It’s very simple…Big Car, Big block. Small car…Small block. I.I. I have owned every full size Ford or Merc. from 1961 One Starline 390/401HP which I gave a transfusion to giving it a H/M side oiler builprinted 427.(4 speed/3:89 gear) to '68 Monterey 390/325HP which I tricked out as I was a USAC builder when it was new and lastly a California based '68 Monterey Q coded with a 428 CJ in it and on the flip side a '39 Ford Deluxe Coupe with a bluepinted 350 SBC. ALL the big Ford and Merc FE powered cars, with the exception of the 427 side oiler with the 3:89 gear had AC and at 75/80MPH gave me a solid 17 MPG but with real leaded fuel ! My '39 Coupe with a 350 Turbo and 3:08 gear on cruise/AC on…with a new 650 Edelbrock square bore is lucky to get 15MPG with a tail wind but is far more exciting to drive than all those big block cars put together.I just switched it over to a 650 Holley Spread bore in hopes of getting a little closer to 17MPG like I got with the stock Q-Jet that was on it because both Rochester and Edelbrock don’t know how to make primary throttle shaft bushings that can live past 6000 miles with my foot on the small foot rest on the floor of my car.I love that little car with that little motor because it is just like the go karts we drove down the side roads of Wisconsin doing 70MPH passing up cars back when we were in high school. Please remember to keep the rubber side DOWN. Thanks…
I’ve owned both big block and small block Chevy motors. Both modified and basically stock. Nothing comes to lifelike a big block. A small block engine ‘starts’ while a big block ‘explodes’ to life. It really doesn’t matter if it’s a Ford, Chrysler or Chevy motor the comparison is the same. That being said I am firmly in the small block fold. For a street engine there simply is no substitute, in my not so humble opinion. If I am going racing then I’d want a big block. There truly is no substitute for cubic inches. In closing though I would like to refer back to the year 1966 when Chevy campaigned a small block iteration that kicked ass and took names against all manner of big block equipped cars. Many a Chrysler hemi followed the Chevy ll L79 small block across the finish lines of drag strips all over the country.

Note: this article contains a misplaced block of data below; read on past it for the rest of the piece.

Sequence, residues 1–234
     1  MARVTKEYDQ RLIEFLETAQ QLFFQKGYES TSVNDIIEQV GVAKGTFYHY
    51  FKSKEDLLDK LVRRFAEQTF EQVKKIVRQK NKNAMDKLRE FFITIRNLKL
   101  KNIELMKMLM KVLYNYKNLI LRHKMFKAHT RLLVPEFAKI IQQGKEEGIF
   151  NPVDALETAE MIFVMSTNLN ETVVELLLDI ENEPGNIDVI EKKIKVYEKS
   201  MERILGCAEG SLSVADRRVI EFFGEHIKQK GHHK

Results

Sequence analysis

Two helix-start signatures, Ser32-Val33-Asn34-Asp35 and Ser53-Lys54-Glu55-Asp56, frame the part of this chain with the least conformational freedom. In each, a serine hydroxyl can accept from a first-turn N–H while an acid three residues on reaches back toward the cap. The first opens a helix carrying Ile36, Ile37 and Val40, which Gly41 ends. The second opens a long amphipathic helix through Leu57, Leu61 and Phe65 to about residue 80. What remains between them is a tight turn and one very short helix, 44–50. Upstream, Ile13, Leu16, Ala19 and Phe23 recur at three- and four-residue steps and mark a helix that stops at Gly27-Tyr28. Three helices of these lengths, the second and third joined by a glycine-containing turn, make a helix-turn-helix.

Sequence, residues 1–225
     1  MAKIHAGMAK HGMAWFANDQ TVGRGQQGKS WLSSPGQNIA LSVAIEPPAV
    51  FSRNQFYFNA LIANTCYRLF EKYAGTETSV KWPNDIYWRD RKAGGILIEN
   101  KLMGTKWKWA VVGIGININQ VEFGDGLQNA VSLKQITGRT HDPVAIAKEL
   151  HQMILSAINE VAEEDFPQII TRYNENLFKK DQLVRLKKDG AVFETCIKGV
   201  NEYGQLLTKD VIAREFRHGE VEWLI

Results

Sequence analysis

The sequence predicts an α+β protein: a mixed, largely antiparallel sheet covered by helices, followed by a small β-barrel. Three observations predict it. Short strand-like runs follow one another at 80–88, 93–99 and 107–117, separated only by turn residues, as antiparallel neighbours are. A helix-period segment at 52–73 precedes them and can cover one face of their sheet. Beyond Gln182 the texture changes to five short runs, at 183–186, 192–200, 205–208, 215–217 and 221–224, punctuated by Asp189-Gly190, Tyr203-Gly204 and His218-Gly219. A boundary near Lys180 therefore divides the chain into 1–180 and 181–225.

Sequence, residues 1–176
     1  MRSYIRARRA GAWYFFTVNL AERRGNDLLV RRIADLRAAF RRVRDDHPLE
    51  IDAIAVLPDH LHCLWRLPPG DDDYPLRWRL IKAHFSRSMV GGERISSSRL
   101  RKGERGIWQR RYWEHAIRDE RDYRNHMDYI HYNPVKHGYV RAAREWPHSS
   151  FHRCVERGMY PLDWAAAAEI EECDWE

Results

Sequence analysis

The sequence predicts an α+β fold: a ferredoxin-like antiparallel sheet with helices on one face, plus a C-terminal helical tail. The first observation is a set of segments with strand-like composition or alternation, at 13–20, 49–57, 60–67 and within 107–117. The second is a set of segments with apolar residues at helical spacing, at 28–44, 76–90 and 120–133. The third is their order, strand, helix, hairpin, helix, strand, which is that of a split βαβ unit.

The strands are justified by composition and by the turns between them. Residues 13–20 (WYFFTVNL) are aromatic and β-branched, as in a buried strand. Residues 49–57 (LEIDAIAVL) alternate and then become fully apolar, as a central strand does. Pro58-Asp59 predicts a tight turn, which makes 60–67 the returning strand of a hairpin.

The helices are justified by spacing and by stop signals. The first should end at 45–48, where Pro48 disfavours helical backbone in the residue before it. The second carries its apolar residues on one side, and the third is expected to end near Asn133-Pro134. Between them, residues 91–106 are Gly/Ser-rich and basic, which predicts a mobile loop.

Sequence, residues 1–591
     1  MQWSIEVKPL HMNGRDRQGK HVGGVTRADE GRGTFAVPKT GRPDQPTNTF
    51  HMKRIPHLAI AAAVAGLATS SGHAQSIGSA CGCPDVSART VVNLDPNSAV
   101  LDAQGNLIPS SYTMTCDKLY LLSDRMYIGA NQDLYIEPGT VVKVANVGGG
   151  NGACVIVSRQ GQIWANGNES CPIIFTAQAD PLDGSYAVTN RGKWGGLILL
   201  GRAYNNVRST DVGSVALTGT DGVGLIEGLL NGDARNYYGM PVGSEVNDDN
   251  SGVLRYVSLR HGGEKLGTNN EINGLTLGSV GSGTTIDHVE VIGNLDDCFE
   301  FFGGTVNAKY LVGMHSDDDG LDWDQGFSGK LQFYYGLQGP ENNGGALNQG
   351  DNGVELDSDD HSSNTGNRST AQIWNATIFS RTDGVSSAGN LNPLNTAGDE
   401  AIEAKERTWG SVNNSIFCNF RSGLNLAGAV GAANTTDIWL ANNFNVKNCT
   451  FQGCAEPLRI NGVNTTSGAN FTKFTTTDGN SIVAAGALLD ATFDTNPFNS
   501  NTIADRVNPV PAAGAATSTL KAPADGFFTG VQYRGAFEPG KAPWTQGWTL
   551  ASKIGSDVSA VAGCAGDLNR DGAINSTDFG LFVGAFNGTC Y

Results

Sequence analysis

Greg, I was enlightened regarding Pontiac not having a “Big Block” engine, technically. May I inject that all Pontiacs (except the short deck engines) used the same stroke, and displacement was decided by the bore. The stroke is comparable with the Chevy 454. That being said, I believe that ALL Pontiac V8 engines built up to 1981 are “Big Block” engines. Unless this is all just a sales tool to sell the larger displacement engines, of course, sighting the phrase, “Bigger is Better.”